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Tuesday, June 22, 2021

Mumbai: Southwest monsoon onset likely in next 24 hours, two days before due date

The city is likely to also experience heavy to very heavy rain at isolated places in the next 48 hours.

Written by Sanjana Bhalerao | Mumbai |
Updated: June 8, 2021 9:55:50 pm
mumbai rains, mumbai rains today, mumbai heavy rains, rain in mumbai, mumbai rains today live update, mumbai weather, mumbai rains live, mumbai rains forecast, mumbai rains forecast today, mumbai weather, mumbai weather today, mumbai weather forecast, mumbai weather forecast today, mumbai forecastSeveral places in Mumbai received heavy rain on Wednesday as Southwest Monsoon arrived one day ahead of its normal date. (Express photo by Ganesh Shirsekar)

The southwest monsoon could make an onset over Mumbai in the next 24 hours, two days ahead of schedule, said the India Meteorological Department (IMD) on Tuesday.

The city is likely to also experience heavy to very heavy rain at isolated places in the next 48 hours.

“Conditions are favourable for onset of monsoon over the Konkan region, including Mumbai. In the next 24 hours, the onset of monsoon is likely over Mumbai and the rest of the Konkan region,” said Shubhangi Bhute, scientist, IMD Mumbai.

The normal monsoon onset date for the city is June 11. Last year, the monsoon arrived three days late. In 2019, Mumbai witnessed its most delayed monsoon onset in 45 years — on June 25. In 2018, it was on June 9 and June 12 in 2017.

The NLM, the north-most limit of monsoon up to which it has advanced on any given day, continued to pass through Alibaug and Pune in the state as of Tuesday afternoon.

As per the 48-hour forecast issued by the IMD, Mumbai is likely to see a generally cloudy sky with moderate rain and thundershowers in the city and suburbs. There is also a possibility of heavy to very heavy rain at isolated places in the next 48 hours, starting Tuesday.

“A Low-Pressure Area is likely to form over North Bay of Bengal and neighbourhood around 11th June 2021. Under its influence, fairly widespread to widespread rainfall activity (is expected),” said the IMD.

IMD has issued an orange alert for Mumbai, Palghar, Thane, for Saturday (June 12), indicating heavy to very heavy rain at isolated places, while a yellow alert with a forecast of heavy rain at isolated places has been issued for Thursday and Friday. Extremely heavy rain at isolated places is likely in Raigad, Ratnagiri and Sindhudurg districts on Saturday.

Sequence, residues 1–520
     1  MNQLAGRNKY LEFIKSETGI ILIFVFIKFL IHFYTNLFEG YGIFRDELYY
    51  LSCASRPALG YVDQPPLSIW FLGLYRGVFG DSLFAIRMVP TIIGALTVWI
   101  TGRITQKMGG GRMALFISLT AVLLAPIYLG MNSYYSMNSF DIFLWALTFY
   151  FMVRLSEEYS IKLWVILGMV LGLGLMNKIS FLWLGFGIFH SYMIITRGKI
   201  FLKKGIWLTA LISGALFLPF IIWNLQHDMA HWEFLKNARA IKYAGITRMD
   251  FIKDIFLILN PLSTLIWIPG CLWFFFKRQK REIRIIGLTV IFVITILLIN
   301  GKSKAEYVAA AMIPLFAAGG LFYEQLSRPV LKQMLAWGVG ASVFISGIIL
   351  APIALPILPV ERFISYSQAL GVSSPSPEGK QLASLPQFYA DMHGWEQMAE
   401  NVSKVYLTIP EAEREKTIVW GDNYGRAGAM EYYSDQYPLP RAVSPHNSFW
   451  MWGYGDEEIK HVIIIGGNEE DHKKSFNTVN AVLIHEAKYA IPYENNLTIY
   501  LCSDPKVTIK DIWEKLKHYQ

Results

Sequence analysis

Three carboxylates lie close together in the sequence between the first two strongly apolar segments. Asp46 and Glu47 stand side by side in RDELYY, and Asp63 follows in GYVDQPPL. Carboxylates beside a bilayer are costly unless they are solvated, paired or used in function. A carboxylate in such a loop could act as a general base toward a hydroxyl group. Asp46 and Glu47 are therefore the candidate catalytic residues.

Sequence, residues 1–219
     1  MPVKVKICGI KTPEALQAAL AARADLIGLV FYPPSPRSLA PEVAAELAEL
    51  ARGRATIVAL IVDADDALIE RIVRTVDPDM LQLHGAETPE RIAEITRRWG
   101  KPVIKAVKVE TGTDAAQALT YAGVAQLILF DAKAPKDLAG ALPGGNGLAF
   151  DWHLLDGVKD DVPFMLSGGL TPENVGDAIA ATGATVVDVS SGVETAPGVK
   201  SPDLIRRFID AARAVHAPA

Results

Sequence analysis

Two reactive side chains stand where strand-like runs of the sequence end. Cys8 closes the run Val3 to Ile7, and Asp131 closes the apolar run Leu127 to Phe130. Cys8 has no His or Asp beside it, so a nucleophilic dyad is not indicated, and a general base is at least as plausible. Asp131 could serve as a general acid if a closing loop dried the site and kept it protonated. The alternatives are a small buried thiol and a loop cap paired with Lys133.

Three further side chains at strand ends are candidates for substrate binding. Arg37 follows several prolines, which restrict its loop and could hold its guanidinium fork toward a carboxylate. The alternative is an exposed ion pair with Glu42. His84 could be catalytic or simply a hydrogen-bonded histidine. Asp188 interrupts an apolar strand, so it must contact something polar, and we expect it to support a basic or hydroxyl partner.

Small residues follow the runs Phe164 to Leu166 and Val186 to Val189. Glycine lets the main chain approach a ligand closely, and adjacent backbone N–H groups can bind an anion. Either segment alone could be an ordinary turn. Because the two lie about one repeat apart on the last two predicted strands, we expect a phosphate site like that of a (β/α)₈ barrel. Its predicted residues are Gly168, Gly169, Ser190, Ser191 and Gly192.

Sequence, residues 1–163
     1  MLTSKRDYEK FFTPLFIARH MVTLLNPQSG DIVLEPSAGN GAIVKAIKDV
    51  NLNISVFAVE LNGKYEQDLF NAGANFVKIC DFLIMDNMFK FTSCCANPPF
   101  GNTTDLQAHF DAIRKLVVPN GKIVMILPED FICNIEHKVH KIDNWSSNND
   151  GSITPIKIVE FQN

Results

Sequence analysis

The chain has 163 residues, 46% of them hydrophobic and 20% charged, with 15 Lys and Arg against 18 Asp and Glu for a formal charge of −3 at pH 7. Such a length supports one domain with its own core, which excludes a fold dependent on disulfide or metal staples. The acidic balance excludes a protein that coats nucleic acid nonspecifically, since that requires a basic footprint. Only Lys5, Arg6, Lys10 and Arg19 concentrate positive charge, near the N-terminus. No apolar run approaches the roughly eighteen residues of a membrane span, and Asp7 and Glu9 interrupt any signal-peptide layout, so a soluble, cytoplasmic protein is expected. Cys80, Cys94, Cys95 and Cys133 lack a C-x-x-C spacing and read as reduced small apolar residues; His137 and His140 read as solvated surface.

IMD classifies heavy rain between 64.5mm to 124.4mm, while moderate rainfalls in the range of 7.6mm to 35.5mm. Rain above 204.5 mm in 24 hours is classified as extremely heavy.

Meanwhile, pre-monsoon showers were recorded in Mumbai and parts of the Mumbai Metropolitan Region such as Thane, Bhiwandi, Dombivli and Badlapur on Tuesday morning, bringing down the temperature. Some parts of the western suburbs in Mumbai also recorded flooding.

In the 24 hours ending 8:30 am on Tuesday, the Santacruz observatory recorded 20.7 mm rain while the Colaba observatory recorded 21.8 mm rain. A cloudy sky with thundershowers in few areas was also recorded. In nine hours (till 5:30 pm) on Tuesday, 19.6 mm rain was recorded at the Santacruz observatory.

The city saw 27 per cent of the average monthly rain comprising pre-monsoon showers being covered in the first eight days of June. From June 1 to June 8, Mumbai recorded 136 mm rain. The average rainfall for June is 493.1 mm.

Doppler Radar still not functioning

Out of order since May 16, a day before Cyclonic Tauktae brushed past the city, the Met department’s lone Doppler Radar in Mumbai — which surveys weather patterns and forecasts —is still out of commission.

The radar installed in 2010 at the Regional Meteorological Centre in Colaba in South Mumbai can carry out weather surveillance up to 450-500 km radius from its location. Doppler Radar is crucial for gauging the intensity of rainfall and impact area in the city in real-time. It is efficient in tracking clouds that cause thunderstorms. Besides, real-time forecasting helps give out accurate information on areas which may experience heavy rain.

In the absence of a Doppler Radar, satellite pictures and wind profile are used by IMD to issue a forecast.

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